Right cross cable step 3. Cabling without a cable needle. #knittingtips #write31days

Slip the stitches on the right-hand needle back to the left needle…

Right cable cross step 4. Cabling without a cable needle. #knittingtips #write31days

…then knit across all the stitches.

Right cross cable step 5. Cabling without a cable needle. #knittingtips #write31days

Right Cross Cable: Cabling without a cable needle. #knittingtips #write31days


While you’re performing these movements, keep the needle positions the same except for the straight, out-and-in motion of the left needle. Don’t move or spread the needles and stitches in any way. Keep the movement small and quick.

A slippery needle works best for this maneuver. I use Knit Picks Nickel-Plated needle tips. Metal Addis or Hiya Hiyas are also perfect. Anything slightly sticky, like bamboo, laminated wood, or plastic might add just enough friction to tug the stitches and frustrate you.

Left-Cross Cable without a cable needle

To form a left-leaning cross, the right half of the cable column needs to go in front, and the left half needs to cross behind. So, with your right-hand needle, reach behind the right half and insert the needle tip into the stitches that form the left half of the cable.

Left cross cable step 1. Cabling without a cable needle. #knittingtips #write31days

With your right hand, pinch the stitches under the right half of the cable. With a smooth, straight movement, withdraw the left needle from all the stitches in the cable.

left cross cable step 2. Cabling without a cable neede. #knittingtips #write31days

The right needle will be holding on to the left half, and the right half of the column will be free at the front, but pinched and held in place by your right hand underneath. With the same smooth, straight movement at the front, poke the left needle back into those live stitches immediately.

left cross cable step 3. Cabling without a cable needle. #knittingtips #write31days

Slip the stitches on the right-hand needle back to the left needle…

left cross cable step 4. Cabling without a cable needle. www.aknitica.come #knittingtips #write31days

…then knit across all the stitches.

left cross cable step 5. Cabling without a cable needle. #knittingtips #write31days

left cross cable. Cabling without a cable needle. #knittingtips #write31days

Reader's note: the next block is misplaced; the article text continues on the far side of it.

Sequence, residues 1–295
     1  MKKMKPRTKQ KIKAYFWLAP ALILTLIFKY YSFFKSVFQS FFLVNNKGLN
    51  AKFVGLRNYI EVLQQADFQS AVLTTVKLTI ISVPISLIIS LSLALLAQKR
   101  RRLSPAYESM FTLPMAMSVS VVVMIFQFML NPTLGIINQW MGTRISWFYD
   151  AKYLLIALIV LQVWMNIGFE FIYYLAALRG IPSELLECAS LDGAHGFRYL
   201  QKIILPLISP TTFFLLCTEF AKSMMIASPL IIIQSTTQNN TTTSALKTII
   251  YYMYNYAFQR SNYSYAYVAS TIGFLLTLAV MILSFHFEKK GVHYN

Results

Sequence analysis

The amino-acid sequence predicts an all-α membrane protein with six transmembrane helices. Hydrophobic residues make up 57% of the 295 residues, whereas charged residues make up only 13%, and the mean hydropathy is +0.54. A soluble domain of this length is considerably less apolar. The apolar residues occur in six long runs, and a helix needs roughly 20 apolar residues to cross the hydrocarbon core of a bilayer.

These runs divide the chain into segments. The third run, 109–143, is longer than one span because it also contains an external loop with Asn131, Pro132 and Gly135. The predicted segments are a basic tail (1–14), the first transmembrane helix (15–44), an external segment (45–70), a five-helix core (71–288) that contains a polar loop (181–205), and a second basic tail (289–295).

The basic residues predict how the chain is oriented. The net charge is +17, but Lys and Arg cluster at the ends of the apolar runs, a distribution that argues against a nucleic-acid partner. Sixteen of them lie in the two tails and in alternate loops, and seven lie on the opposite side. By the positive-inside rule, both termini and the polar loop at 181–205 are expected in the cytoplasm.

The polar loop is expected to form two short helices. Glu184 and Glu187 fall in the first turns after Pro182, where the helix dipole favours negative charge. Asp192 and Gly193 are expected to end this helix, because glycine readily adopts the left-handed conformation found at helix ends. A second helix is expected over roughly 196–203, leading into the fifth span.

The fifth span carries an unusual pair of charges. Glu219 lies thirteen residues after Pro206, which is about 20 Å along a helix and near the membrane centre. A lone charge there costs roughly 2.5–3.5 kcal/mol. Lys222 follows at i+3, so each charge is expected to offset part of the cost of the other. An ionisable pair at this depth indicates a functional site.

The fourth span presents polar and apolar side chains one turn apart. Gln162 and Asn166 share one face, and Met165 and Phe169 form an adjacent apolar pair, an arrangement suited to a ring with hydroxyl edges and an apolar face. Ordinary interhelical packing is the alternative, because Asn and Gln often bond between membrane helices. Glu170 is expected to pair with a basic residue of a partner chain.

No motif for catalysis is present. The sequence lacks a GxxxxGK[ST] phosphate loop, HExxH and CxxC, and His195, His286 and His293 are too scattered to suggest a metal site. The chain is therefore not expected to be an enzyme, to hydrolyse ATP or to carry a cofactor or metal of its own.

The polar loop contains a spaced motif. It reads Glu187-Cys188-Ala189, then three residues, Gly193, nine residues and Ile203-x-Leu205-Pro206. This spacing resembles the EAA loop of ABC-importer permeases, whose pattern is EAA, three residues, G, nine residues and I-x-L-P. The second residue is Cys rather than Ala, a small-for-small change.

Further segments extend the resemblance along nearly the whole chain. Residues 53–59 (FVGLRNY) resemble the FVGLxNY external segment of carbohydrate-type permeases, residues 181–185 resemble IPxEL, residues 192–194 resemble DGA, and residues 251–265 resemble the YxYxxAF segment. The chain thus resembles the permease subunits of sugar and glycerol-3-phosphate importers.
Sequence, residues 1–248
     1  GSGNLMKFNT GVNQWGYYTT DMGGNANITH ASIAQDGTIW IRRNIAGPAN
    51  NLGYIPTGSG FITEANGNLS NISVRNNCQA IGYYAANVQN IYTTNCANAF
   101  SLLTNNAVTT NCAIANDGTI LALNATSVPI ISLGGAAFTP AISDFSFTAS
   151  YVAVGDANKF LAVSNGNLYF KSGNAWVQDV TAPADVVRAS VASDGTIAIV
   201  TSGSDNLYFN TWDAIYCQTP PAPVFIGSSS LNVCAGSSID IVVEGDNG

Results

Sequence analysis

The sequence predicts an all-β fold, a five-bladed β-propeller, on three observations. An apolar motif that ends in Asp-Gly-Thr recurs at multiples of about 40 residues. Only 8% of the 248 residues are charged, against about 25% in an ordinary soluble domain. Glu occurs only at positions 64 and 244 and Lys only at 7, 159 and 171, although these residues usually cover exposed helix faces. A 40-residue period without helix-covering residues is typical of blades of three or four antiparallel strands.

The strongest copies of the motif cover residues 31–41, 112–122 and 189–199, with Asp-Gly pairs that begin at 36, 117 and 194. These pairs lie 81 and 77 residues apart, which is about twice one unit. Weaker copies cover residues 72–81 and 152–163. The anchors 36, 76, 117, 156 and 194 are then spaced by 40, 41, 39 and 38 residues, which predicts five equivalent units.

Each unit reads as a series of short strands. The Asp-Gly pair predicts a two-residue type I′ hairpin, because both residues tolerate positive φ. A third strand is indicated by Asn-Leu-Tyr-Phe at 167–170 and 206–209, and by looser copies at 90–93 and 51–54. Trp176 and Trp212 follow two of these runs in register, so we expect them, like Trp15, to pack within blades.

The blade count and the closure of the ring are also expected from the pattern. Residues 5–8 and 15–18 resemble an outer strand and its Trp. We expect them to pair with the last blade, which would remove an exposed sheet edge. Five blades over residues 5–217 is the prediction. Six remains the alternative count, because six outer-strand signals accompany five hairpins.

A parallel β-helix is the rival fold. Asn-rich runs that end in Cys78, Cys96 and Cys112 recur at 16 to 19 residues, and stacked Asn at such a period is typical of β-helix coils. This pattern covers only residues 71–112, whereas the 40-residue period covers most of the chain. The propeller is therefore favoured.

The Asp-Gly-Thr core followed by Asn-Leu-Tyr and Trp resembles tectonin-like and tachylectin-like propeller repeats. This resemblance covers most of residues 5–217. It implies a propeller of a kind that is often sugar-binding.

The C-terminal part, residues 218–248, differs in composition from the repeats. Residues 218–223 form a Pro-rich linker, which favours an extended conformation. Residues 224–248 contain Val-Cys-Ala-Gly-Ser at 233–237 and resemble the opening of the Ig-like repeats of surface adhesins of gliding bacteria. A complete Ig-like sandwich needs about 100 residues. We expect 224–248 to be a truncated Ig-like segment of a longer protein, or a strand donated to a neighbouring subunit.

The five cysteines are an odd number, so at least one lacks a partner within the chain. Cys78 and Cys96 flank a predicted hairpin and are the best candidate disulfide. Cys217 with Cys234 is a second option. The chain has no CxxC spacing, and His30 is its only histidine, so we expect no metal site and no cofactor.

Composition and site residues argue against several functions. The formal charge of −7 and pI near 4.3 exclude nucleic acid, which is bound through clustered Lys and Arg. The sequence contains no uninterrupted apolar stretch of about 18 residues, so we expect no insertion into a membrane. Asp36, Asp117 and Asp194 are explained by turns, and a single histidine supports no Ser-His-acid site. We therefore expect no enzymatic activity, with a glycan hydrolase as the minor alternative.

It is completely normal to be nervous about this technique. Most of us freak out a little when we pull our needles out of our stitches. Needles usually fall out against our will, so we try to avoid it at all costs. But it doesn’t have to be something you’re afraid of. Tomorrow, I’ll show you how to easily pick up dropped stitches, even if they’ve dropped all the way down to your cast on edge.

But in the meantime, don’t worry. Practice this on a worsted-weight project with real wool so it’s nice and sticky and doesn’t want to unravel. It might feel awkward the first couple times, but, before you know it, your hands will get the knack of it and your cabling rhythm will improve and get faster.

31 Days to Your Nicest Knitting series. #write31days #knittingtips

This post is part of my 31 Days to Your Nicest Knitting series. Every day, I’ll post a new tip or trick to make your knitting nicer. You can follow along easily by subscribing. If you have any knitting problems you’d like me to fix, let me know and I’ll try to answer your question as part of the series. You can find all the posts in the series here.

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Merrick: Cabled hat pattern

How excited am I about this pattern?  Well, I’ve already knit it up 5 times, and I’m working on a sister pattern with integrated earflaps.  (I want an tangerine orange one for myself, if I can find the time to make it.)

Merrick debuted on Ravelry this past weekend and made it into the Top 20.   I love seeing my patterns alongside designers I admire, like Kate Davies and Stephen West.  Can you say excited?


Fleece Artist BFL Aran version








I first knit Merrick up using Fleece Artist Blue Face Leicester Aran yarn.  I loved the velvety texture of the hat.  It felt lush and thick, and I couldn’t stop petting it.

Then I knit it up using Cascade 220.  I realized that the gauge was different with worsted-weight yarn (duh, me), so I reworked the hat a bit.  I was worried that Fleece Artist wasn’t widely available enough, and I wanted Merrick to be knittable in a common weight.

I wanted to make sure that the Cascade 220 worsted-weight gauge wasn’t an accident, so I picked up some golden Debblie Bliss Rialto Aran from my favourite yarn shop.  It said “aran” — would it be more like the Fleece Artist, or the Cascade?  It turns out the gauge was worsted, as well.  What a relief!

As an added bonus, the Debbie Bliss yarn made the squishiest, most well-defined cables ever.  I absolutely love the texture of it.  I wish I could have a shelf of it in every colour.

But I still had a crush on the Fleece Artist BFL, so I compromised a bit.  In the pattern, the main sizing instructions are for worsted-weight yarn, but I gave some notes on using the heavier aran-weight, too.

When you purchase the pattern, you’ll be getting both charted and written instructions.  You can use either one or the other, according to your preference.  They’re both complete and separate.